Daily Devotional 6-4-14

Word on Wednesday – by John Mason

Pentecost  June 4, 2014

This Sunday is Pentecost or WhitsundayYet for many of us it is an enigma. Within Judaism it was the Greek name ascribed to the Feast of Weeks, celebrating the giving of the law at Mt Sinai. In Christianity it is the festival that comes seven weeks (fifty days) after Easter (ten days after ‘Ascension Thursday’), and celebrates the coming of the Holy Spirit on Jesus Christ’s first followers – about 120. (Acts 2:1-31) It celebrates the birthday of the church.

Why don’t we give Pentecost greater attention than we do? Is it because the Holy Spirit and his work are obscure? Is it simply because we don’t know what to make of him? In this all too brief ‘Word’ let’s look at something Jesus promised about the Spirit.

During the Passover meal Jesus told his disciples that he was going away but that he would not be leaving them alone. He pointed out that his going would mean the coming of the Comforter, the Advocate. So, we read in John 15:26-27: “When the Advocate comes, whom I will send to you from the Father, the Spirit of truth who comes from the Father, he will testify on my behalf. You also are to testify because you have been with me from the beginning”.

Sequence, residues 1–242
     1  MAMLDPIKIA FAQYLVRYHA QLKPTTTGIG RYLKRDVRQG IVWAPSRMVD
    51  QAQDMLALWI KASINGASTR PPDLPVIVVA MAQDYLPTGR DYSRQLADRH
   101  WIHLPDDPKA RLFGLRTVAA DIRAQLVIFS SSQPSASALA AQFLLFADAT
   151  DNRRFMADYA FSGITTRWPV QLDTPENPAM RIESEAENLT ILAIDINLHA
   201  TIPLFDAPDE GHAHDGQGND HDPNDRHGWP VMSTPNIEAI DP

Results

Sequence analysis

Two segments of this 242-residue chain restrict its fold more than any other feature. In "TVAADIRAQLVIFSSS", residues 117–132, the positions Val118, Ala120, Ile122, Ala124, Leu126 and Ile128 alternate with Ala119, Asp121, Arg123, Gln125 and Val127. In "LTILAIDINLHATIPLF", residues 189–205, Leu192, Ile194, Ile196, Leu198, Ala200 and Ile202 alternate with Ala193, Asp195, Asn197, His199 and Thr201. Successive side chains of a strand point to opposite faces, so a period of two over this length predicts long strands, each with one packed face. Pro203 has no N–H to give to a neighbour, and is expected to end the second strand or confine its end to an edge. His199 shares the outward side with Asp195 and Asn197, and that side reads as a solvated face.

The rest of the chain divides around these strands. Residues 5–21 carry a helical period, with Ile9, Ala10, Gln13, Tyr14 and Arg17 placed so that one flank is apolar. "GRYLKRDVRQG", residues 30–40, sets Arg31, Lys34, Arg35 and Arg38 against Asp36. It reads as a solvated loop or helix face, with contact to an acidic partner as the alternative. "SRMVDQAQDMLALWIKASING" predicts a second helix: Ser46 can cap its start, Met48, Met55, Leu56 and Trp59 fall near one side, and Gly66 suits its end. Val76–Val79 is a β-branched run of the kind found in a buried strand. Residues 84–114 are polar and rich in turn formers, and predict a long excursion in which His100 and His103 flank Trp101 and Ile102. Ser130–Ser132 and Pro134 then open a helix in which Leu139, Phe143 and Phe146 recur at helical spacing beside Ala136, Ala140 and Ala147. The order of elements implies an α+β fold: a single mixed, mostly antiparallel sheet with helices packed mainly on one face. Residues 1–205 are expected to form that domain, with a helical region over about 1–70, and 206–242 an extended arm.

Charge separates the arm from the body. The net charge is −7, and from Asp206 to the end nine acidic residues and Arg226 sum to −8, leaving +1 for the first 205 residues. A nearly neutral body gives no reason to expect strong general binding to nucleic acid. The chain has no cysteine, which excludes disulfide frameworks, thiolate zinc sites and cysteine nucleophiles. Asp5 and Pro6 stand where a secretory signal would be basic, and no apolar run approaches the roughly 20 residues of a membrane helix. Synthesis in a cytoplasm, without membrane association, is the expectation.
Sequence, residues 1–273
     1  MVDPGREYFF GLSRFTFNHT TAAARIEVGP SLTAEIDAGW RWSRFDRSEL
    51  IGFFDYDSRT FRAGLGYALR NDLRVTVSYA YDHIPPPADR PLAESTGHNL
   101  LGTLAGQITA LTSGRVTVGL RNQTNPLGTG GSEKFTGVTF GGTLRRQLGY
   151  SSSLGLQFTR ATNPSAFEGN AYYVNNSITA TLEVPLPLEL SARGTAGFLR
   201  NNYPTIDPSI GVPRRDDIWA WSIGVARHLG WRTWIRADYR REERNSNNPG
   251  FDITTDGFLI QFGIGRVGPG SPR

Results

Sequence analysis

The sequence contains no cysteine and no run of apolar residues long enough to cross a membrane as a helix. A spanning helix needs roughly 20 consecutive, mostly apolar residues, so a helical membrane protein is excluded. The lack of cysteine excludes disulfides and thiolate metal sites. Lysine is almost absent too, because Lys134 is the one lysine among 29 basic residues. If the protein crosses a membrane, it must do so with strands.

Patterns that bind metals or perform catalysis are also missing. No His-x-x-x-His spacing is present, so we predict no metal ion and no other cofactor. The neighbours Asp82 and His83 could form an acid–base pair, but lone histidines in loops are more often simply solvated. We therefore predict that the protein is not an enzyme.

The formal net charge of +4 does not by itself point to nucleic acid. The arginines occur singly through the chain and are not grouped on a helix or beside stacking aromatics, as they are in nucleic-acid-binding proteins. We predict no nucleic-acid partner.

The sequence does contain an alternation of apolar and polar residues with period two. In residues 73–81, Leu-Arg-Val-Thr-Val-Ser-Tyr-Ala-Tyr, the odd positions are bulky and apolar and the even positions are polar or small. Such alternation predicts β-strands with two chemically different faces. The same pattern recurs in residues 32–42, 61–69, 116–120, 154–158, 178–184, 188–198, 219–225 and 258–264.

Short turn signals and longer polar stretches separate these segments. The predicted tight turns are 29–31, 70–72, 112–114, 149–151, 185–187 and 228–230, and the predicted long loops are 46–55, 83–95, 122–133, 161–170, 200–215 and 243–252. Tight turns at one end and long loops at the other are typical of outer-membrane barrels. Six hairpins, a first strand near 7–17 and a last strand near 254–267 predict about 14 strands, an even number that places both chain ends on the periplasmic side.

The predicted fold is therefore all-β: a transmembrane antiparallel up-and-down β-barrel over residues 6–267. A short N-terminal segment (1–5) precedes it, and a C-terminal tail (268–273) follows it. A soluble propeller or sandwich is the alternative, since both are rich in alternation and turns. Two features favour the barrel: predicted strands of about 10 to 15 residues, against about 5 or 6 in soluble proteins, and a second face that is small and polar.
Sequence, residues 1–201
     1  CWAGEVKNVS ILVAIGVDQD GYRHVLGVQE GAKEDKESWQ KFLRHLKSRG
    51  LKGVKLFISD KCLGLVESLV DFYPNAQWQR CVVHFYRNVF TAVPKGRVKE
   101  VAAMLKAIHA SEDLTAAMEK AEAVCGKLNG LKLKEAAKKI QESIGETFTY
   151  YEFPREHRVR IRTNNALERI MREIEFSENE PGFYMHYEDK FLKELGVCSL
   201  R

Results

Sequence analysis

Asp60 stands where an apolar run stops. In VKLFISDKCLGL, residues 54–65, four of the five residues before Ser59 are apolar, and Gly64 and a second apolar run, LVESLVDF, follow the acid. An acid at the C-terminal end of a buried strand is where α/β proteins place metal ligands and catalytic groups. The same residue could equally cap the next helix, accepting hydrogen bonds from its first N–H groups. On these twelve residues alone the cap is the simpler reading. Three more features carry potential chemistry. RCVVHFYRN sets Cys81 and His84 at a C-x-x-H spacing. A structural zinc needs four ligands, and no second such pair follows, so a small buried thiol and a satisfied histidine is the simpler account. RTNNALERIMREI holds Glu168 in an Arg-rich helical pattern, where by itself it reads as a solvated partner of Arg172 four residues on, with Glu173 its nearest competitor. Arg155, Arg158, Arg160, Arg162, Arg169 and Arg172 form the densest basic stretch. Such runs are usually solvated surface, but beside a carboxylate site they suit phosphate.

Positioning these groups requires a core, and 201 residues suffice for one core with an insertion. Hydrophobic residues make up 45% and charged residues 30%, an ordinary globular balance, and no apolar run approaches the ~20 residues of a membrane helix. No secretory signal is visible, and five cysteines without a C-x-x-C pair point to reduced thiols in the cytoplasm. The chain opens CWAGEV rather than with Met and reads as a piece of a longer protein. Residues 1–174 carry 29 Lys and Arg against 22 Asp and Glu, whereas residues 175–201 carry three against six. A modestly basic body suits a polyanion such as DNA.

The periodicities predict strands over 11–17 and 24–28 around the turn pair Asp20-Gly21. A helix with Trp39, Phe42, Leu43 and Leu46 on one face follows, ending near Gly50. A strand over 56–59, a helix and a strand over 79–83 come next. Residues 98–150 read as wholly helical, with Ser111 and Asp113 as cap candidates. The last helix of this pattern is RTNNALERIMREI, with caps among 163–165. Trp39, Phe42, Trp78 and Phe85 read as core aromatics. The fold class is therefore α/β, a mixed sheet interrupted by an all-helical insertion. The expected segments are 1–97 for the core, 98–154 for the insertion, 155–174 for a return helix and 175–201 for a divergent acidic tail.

In the previous chapter (John 14:26), Jesus had made specific promises to his disciples – in particular that the Holy Spirit would enable them to have accurate memory and right understanding of all that he had taught and done. Now in these verses, Jesus was reassuring them of the work of the Spirit of truth in their lives. He developed this by setting out more clearly the functional relationship within the Trinity.

The Spirit’s work is to implement the will and the purpose of both God the Father and God the Son. So Jesus explained God’s larger plan. The Father, having sent his eternal Son, the Word of God, into the world, would now give him the position of highest honor in heaven; he would be enthroned in glory. The Spirit of God would now be sent to replace Jesus Christ in the lives of his people.

Here Jesus makes one of the clearest statements about the true nature of God: he is one, existing in three persons, the Father, the Son and the Holy Spirit. The Son does the will of the Father and the Spirit does the will of both the Father and the Son.

The Spirit who came to Christ’s disciples now comes to bring us encouragement, comfort and boldness in the place of Jesus Christ. As the ministry of Christ as Comforter was important to the first disciples, so too was the ministry of the Holy Spirit as their Comforter. In the same way, as the work of Christ is essential for us, so too is the work of the Spirit – teaching us God’s Word and prompting us to walk through life with Jesus Christ as our Lord.

Prayer: Almighty God, who taught the hearts of your faithful people by sending them the light of your Holy Spirit: so enable us by the same Spirit to have a right judgment in all things and always to rejoice in his holy comfort; through the merits of Christ Jesus our Savior, who lives and reigns with you and the Holy Spirit, one God, now and forever.  Amen.  (BCP, Whit Sunday – adapted)

John G. Mason

www.anglicanconnection.com